• Does the guide carry adequate liability insurance? Although I have never come across a guide without insurance, you should not venture out on a boat unless it is adequately covered.
  • How long is the boat, is it covered and heated? Can you stay out of the rain? And the chief consideration in a party of men and women: does it have a bathroom? Is lunch provided or do you bring your own? Does the guide carry gravol or sea sickness wrist bands?
  • Ask for current information. Fishing is cyclical and if a guide tells you that the fishing is hot right now, the answer may be to drop your plans and get on a plane. I fish several areas where the local guide will phone and tell me that I should be at the site in less than 48 hours. The alternative, of course, is to plan ahead for the next season. Many reputable guides have repeat customers who book as much as a year in advance. Word of mouth may be your best source of a satisfactory guide.
  • Is fish packaged, frozen, blast frozen or sealed in vacuum-packed plastic? Can arrangements be made to ship the fish to a canning or smoking operation which will then forward it to your home address when processed? Remember, fish is very heavy and airports are very long. This is an important consideration when returning long distances, and when the angler may have health conditions that make moving heavy objects inadvisable.
  • Are raingear, floater jackets and boots provided? Most guides provide these and this is by far a better alternative to lumping your own bulky items through airport terminals.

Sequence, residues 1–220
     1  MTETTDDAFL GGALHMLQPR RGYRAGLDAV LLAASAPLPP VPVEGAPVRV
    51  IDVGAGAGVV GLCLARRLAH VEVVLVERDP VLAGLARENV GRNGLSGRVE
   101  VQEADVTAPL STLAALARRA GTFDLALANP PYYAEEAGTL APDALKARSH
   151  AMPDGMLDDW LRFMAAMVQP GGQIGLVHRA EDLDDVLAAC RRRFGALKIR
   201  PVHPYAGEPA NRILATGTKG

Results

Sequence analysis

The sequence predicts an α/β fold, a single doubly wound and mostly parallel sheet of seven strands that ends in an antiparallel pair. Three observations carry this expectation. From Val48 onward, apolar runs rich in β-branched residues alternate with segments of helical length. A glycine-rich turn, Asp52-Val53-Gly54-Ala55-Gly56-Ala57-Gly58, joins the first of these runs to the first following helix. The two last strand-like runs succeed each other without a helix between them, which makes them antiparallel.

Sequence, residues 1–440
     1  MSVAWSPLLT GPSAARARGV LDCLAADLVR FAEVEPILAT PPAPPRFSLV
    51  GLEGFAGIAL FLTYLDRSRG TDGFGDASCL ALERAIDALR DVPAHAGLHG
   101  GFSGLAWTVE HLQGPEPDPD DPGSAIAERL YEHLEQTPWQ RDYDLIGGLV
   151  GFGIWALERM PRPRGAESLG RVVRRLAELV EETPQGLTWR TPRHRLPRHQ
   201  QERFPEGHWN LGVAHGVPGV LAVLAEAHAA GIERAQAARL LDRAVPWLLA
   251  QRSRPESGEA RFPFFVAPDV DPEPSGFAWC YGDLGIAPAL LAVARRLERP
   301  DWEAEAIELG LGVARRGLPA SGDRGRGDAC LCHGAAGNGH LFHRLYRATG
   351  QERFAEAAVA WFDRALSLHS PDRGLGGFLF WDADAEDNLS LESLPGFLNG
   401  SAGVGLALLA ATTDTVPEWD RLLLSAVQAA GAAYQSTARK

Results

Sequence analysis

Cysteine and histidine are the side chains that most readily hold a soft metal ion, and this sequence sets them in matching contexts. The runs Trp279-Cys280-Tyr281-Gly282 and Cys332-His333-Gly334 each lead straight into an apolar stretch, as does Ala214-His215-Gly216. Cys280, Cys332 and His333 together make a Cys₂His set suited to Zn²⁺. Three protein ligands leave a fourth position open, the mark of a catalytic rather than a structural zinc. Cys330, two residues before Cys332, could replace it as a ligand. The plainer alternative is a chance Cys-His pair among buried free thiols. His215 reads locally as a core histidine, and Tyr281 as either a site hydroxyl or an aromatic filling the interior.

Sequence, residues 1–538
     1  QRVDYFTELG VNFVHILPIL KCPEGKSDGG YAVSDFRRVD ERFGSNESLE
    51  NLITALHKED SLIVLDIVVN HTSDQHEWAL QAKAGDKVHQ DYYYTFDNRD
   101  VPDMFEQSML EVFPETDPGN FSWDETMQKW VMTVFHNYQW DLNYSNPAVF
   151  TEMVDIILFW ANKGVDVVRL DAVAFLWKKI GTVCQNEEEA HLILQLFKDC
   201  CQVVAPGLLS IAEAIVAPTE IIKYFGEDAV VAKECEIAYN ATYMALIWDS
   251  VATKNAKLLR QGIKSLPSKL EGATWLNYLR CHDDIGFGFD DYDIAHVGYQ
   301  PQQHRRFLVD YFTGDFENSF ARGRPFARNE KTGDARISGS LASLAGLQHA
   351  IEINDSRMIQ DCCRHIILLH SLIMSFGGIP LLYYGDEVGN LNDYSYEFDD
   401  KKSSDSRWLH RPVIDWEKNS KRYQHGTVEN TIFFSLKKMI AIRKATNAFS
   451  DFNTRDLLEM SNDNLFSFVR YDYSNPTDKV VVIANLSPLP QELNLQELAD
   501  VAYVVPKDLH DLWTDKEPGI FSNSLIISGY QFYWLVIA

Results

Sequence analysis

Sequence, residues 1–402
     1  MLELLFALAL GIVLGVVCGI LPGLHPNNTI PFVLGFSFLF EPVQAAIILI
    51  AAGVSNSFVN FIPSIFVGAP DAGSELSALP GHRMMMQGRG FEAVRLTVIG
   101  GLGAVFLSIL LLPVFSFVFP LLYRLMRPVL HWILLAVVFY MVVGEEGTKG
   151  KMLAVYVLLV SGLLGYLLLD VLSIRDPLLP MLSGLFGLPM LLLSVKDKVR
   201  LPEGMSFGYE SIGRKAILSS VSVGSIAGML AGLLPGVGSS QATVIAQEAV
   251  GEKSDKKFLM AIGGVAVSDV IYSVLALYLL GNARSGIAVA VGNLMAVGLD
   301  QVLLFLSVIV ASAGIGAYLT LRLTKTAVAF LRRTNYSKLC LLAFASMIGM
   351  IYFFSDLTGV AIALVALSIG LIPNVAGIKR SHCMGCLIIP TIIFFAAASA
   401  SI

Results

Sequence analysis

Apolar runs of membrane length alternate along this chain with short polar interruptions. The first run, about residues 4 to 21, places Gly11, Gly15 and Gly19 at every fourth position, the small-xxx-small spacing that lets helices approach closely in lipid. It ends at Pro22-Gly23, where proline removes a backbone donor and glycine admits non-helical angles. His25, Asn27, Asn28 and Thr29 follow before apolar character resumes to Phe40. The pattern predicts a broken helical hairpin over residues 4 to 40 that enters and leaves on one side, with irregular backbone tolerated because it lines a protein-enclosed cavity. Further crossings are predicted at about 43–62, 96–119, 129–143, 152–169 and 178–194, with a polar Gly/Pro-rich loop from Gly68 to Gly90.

• Can the guide arrange to sell you the various fishing licences that are required?
  • Are there any special features that make fishing with this guide more attractive than others? Coming home without fish occasionally occurs. Ask the guide if he has any sweetener for such a possibility? Having said this, it makes much more sense to go out with a longstanding, successful person than one who has a damage control plan.
  • Ask the guide for his promotional materials. Most guides will have a brochure and business card and can provide happy customers for you to contact. Some guides have websites and videos for you to view, along with photos of clients with their catches.

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Articles
Coastal BC Fisheries
Seafood Recipes (Pt1)
Seafood Recipes (Pt2)
Seafood Recipes (Pt3)
Seafood Recipes (Pt4)
Hot Spots
Bamfield
Campbell River
Gold River
Hakai Pass
Langara Island
Port Alberni
Port Hardy
Port Renfrew
Prince Rupert
Rivers Inlet
Shearwater
Tofino
Victoria Waterfront
Salmon Online
Chinook Salmon
Chinook of Juan de Fuca
Chum Salmon
Coho Salmon
Contacting the Fish
Guide Your Way To Success
Happy Halibut Hunting
Happy Halibut Hunting (Pt2)
Happy Halibut Hunting (Pt3)
Harvesting the Herring
Likes the Lakes
Pink Salmon
Sockeye Salmon
Steelhead Bobber Tip
The Butts of Bamfield
Trolling Tip for Sidney
Techniques
Boat Electrical Potential
Casting for Your Catch
Drift Fishing (Pt1)
Drift Fishing (Pt2)
Mooching for Salmon
Tough Knots for Big Fish
Trolling for Salmon (Pt1)
Trolling for Salmon (Pt2)
Trolling for Salmon (Pt3)
Winter Fishing the Capital

Writers:
Peter Caverhill
Brian Chan
Fred & Ann Curtis
Ian Forbes
Geoff Hobson
Gordon Honey
Steve Kaye
Fred's Custom Tackle
Ron Newman
D. C. Reid
Philip Rowley
Barry Thornton


Guide Your Way To Success